His Family ‘Purified’ Him with Ganga Water After He Touched a Dalit, but He Went On To Found Sulabh International
Vol 9 | Issue 5
Much has been written about Dr. Bindeshwar Pathak, who has dedicated his life to the fight against open defecation and manual scavenging, but few know how tough his struggle has been. The world-acclaimed social reformer was once on the brink of committing suicide.
Success, however, was in his destiny it seems. “When I was just two years old, my grandfather had prophesised that I would earn lot of name and fame in life,” says the soft-spoken reformer. His grandfather, Shiv Sharan Pathak, was a renowned astrologer.
His prophecy came true. Starting in 1973, Pathak’s non-profit Sulabh International has constructed over 1.5 million household Sulabh Shauchalayas (pour-flush toilets) across the country, with 20 million people using the facilities every day.
In August 1974, he built his first public toilet in Patna, with 20 bathrooms, urinals, washbasins, which had soap and clean water. Around 500 people used the toilet on the first day itself at the charge of 10 paise per user.
Today, Sulabh Shauchalyas generate around Rs 500 crore every year. Sulabh International maintains over 8,500 public toilets across the country and employs over 50,000 people. Over 10 lakh manual scavengers have been connected to the mainstream by jobs at Sulabh Shauchalyas, and their children have been provided education for a better future.
The social entrepreneur initially suffered so many setbacks on this journey that he had seriously considered ending his life… but his vision and commitment saw him through the rough patch.
Born on 2 April, 1943, in a Hindu Brahmin orthodox family at Rampur in Vaishali district of Bihar, Pathak was the second of six siblings.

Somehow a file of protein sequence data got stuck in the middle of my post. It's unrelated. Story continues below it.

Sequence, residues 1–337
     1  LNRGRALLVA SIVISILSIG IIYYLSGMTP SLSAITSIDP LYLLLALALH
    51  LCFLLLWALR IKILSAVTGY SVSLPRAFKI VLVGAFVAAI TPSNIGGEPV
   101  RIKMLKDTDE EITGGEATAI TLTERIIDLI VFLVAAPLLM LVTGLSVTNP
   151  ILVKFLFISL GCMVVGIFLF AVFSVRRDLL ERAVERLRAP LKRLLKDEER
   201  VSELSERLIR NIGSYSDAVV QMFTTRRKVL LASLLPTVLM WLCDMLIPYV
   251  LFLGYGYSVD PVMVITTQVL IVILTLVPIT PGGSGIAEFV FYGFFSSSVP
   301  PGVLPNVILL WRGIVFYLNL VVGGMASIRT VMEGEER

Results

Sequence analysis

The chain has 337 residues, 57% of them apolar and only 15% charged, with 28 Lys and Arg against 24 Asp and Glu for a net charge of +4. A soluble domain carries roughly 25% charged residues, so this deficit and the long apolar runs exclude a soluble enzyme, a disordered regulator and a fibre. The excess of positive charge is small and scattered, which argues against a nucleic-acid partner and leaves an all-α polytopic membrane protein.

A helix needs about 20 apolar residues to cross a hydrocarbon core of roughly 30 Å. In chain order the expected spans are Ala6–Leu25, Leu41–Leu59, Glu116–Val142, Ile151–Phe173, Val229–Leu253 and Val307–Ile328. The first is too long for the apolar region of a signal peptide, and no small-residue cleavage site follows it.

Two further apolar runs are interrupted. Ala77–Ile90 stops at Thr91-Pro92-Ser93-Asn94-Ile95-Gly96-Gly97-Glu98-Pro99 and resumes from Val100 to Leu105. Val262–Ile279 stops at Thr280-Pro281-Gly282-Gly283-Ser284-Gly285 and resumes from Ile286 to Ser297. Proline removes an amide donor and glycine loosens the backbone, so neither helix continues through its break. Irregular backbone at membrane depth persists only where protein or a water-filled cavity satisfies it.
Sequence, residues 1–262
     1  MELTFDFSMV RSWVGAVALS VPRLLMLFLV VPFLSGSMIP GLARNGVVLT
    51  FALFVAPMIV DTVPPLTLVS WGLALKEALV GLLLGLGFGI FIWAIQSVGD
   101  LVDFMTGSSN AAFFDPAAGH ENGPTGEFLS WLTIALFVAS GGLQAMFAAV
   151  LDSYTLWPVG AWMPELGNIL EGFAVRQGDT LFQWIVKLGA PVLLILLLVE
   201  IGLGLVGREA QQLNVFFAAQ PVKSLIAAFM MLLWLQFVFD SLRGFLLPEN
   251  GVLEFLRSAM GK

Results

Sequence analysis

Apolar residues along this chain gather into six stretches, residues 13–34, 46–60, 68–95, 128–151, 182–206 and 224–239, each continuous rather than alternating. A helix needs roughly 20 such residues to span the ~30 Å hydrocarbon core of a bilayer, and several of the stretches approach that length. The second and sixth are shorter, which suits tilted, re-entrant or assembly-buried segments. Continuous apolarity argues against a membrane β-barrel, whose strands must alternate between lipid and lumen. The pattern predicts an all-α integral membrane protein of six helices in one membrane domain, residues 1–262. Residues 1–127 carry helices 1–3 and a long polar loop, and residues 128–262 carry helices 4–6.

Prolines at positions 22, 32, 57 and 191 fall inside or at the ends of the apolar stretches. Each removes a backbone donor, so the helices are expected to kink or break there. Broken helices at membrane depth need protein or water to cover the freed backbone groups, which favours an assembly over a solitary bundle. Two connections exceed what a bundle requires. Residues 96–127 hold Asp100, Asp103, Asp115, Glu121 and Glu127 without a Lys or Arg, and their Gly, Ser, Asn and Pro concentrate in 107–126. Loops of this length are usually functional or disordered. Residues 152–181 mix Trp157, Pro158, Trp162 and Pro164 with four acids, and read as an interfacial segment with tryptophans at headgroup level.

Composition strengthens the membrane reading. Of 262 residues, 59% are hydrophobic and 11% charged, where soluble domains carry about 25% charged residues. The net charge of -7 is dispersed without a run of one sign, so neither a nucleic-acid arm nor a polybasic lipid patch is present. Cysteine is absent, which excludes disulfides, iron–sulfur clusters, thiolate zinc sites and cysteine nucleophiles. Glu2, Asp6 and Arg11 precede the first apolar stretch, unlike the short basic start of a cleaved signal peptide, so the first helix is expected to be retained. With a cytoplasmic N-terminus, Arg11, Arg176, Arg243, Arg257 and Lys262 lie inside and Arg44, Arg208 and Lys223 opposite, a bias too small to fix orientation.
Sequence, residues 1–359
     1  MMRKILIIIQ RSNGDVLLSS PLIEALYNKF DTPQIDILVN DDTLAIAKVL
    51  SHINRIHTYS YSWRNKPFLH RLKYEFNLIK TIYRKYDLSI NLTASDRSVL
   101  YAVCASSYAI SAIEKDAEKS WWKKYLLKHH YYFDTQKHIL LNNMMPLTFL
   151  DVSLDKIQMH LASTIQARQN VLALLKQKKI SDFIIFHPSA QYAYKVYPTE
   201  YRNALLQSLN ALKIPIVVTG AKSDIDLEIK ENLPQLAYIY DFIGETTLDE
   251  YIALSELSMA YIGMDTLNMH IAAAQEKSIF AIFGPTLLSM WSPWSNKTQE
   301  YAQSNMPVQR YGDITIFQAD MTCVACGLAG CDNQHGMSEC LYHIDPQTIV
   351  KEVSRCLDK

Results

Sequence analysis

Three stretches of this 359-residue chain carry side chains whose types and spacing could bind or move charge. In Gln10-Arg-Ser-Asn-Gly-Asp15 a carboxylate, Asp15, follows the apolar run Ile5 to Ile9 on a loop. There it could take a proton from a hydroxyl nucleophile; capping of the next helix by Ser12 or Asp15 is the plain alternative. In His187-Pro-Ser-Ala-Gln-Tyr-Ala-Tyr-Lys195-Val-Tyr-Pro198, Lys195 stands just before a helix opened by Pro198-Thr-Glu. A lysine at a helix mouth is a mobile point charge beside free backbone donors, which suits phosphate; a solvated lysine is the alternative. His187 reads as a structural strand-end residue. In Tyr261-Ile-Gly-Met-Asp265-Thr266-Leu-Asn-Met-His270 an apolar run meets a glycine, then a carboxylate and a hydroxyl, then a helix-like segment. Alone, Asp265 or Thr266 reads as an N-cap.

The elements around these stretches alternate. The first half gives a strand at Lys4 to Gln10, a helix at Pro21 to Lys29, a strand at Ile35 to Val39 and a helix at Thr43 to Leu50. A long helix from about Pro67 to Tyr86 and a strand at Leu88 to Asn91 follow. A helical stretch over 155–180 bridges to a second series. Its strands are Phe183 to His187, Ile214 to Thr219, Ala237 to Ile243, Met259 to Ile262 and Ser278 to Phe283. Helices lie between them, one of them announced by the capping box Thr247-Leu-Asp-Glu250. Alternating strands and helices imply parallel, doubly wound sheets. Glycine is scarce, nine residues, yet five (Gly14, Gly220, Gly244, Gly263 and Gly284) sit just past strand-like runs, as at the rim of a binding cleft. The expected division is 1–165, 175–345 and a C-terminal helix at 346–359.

His father, Dr. Ramakant Pathak, was an Ayurvedic doctor and the family was quite well-off but he recollects an incident from his childhood that left an indelible impression on his mind.
“I was around 5 or 6,” Pathak recalls. “A woman, who happened to be a Dalit, used to come to sell some household items to our village. One day, I touched her to say something... All hell broke loose.
“My grandmother not only berated me but also made me eat cow dung, drink cow urine and poured Ganga-jal on me to ‘purify’ me. The incident left a scar. I began to wonder why Dalits were treated inhumanly even though they have the same flesh and blood like us. I vowed to do something for them when I grew up.”
He studied in a government school and went to RDS College in Muzaffarpur, about 60 km away from his hometown, for a year, before shifting to Patna, the state capital, where he took admission at Bihar National College and studied Sociology.
The sociologist shares an amusing anecdote: “I was too shy and introverted in those days. I still remember standing in a queue for admission in college and pulling out every time I reached the gate and then standing in queue again… The gatekeeper eventually caught me and forced me inside the Principal’s office!”
He topped the first year with 54 per cent marks and was awarded a scholarship of Rs 14 per month.
“My father used to send Rs 25 every month for additional expenses,” says Pathak. “I used to stay at my uncle’s house in Patna who took care of my food and accommodation. My friends were nice and took me to movies.”
He remembers wearing dhoti and kurta in those days. “Some students wouldn’t talk to me because of my rural looks,” he says, adding that he started wearing shirt and trousers after the first year.
In 1964, he completed his graduation and returned to the village where he joined Gandhi High School as a temporary teacher at a monthly salary of Rs 80.
In July 1965, he got married to Amola, a resident of Mehnar in Vaishali district. The couple has three children.
He quit the teacher job and joined as account assistant at a thermal power station at Patratu in Ranchi (now in Jharkhand) in August 1965, at a daily wage of Rs 5.